William & Patti Feldman
NEMA controls are primarily used in the North American market. IEC controls, which are internationally accepted and readily available all over the world, are, however, gaining significant market share in the U.S.
Though both NEMA and IEC motor controls are listed in accordance with UL standards for North American use, differences between them can affect how a particular motor control meets customer expectations.
For the same ratings, IEC motors are 30% - 80% more compact than NEMA motors and save 20% to 60% panel space.
However, NEMA controls have a reserve capacity built into the sizing system, supporting use of a lower rated motor that can accommodate higher duty rates, enabling longer product life in applications with high duty cycle rates. For example, a 10 hp NEMA motor at 480 volts has the capacity for 30 amps.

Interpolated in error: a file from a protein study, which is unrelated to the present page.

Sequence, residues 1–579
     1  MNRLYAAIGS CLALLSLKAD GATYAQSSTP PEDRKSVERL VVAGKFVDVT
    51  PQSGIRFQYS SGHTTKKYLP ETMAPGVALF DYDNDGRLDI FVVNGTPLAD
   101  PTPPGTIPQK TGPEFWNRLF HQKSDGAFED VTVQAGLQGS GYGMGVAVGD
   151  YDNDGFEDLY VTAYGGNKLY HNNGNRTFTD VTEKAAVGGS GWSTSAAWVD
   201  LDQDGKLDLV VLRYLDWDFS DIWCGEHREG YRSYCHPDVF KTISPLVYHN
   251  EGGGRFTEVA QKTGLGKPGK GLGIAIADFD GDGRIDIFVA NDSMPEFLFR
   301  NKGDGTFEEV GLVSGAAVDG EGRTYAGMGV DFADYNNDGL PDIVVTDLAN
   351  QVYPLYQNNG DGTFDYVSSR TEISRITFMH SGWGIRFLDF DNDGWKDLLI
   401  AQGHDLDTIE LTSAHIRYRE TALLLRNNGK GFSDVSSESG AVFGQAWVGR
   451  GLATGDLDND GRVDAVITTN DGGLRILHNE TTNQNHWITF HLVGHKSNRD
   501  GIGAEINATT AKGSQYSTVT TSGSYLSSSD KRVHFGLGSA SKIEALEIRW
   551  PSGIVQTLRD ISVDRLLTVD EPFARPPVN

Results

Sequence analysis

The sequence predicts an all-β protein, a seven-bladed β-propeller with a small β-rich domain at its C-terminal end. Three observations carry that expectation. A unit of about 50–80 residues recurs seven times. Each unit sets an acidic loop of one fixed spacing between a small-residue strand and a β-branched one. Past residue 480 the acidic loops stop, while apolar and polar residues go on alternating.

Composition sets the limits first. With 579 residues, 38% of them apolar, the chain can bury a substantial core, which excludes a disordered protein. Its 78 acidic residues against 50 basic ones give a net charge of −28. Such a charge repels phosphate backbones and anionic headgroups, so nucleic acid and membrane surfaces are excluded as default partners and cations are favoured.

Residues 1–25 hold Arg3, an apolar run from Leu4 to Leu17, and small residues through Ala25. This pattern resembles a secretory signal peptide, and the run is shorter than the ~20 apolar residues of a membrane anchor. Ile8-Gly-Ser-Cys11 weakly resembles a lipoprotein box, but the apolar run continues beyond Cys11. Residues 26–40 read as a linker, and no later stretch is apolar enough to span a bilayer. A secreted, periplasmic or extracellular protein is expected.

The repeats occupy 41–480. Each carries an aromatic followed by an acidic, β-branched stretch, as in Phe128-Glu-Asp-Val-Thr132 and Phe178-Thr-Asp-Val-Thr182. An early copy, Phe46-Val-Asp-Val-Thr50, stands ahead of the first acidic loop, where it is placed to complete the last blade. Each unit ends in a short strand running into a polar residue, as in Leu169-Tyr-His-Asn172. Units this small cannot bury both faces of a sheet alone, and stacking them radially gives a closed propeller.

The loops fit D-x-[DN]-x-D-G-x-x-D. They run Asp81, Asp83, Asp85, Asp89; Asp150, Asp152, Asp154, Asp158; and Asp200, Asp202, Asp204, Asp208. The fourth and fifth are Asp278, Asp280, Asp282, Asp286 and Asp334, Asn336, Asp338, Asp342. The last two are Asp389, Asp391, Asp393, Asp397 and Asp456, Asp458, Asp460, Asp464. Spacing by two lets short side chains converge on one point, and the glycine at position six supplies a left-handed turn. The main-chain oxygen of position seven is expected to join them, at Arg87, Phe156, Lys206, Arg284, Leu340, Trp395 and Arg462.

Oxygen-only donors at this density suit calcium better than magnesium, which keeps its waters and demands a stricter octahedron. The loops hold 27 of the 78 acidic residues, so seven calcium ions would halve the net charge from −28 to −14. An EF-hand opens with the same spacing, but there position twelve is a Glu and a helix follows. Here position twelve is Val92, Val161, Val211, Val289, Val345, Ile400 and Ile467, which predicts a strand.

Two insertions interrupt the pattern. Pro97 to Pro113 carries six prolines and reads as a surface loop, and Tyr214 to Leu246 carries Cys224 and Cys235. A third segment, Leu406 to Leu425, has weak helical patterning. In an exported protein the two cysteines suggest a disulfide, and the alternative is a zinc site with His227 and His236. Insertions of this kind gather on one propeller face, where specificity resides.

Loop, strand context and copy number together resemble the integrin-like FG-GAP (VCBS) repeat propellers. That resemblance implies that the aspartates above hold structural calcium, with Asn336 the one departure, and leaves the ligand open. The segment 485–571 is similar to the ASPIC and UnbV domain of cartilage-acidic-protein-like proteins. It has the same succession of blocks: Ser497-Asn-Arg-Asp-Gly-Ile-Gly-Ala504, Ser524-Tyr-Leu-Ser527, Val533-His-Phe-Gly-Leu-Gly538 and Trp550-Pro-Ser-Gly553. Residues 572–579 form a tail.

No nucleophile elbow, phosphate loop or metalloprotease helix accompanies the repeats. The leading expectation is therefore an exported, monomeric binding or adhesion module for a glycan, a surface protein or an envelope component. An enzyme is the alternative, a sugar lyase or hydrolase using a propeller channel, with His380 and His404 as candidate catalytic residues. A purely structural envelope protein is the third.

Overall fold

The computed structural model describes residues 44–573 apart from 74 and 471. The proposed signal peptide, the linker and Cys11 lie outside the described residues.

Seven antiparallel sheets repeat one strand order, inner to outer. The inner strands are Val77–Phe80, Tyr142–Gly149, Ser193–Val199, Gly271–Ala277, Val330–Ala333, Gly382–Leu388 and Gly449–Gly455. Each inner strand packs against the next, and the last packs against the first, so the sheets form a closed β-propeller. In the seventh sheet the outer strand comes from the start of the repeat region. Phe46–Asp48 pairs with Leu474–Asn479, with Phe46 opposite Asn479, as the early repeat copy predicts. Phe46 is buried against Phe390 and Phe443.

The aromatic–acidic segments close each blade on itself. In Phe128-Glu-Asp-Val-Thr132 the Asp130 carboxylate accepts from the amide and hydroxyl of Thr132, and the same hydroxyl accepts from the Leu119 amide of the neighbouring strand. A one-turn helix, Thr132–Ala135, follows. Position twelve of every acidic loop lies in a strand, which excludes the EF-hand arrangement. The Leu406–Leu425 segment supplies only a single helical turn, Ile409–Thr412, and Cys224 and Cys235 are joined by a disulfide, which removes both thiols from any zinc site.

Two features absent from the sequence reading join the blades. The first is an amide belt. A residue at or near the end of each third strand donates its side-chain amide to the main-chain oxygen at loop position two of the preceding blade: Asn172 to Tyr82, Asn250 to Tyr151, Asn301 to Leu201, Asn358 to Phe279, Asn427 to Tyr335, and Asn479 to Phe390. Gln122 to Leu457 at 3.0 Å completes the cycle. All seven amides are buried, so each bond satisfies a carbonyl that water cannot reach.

With IEC motor controls, the device is matched to the application. Reserve capacity is not built in, resulting in the need for specifying a higher rated motor to accommodate heavy duty cycles. For the same amp capacity, the application would possibly need a 20 hp motor at 480 volts to accommodate the same frequent initial surges, notes Tom Fowler, staff product specialist for motor control products at Schneider Electric.
Another notable differentiator between NEMA and IEC motor controls is how worn out parts are addressed. For NEMA motor controls, for which serviceability and maintainability are generally considered strengths, there are a wide variety of replacement parts (and field accessories) and parts can be individually changed, though that can require skilled labor.
There are generally no replacement parts for IEC contactors under 100 amps. If a part wears out, the entire unit requires change-out, but that can usually be handled by maintenance staff.
Photo courtesy of Schneider Electric